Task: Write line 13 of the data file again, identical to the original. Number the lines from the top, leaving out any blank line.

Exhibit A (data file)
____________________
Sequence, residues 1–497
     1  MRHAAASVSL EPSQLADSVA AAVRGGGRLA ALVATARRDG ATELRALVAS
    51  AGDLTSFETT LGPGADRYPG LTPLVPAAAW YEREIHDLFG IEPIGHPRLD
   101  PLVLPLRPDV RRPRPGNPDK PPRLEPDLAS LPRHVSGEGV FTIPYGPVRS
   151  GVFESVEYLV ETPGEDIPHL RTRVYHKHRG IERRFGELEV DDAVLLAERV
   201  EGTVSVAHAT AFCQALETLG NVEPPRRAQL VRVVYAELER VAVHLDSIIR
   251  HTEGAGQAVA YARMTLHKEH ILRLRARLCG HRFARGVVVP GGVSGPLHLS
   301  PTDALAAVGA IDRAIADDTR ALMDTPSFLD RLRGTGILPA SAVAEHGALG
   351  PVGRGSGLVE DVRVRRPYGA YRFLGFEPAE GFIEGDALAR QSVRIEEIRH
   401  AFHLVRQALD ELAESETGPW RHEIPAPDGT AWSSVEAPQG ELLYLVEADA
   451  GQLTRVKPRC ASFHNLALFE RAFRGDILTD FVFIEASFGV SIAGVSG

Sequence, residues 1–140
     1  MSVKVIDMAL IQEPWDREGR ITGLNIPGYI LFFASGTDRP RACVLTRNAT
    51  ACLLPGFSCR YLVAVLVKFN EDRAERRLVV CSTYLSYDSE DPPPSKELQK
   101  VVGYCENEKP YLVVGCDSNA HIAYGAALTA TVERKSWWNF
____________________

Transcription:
     1  MSVKVIDMAL IQEPWDREGR ITGLNIPGYI LFFASGTDRP RACVLTRNAT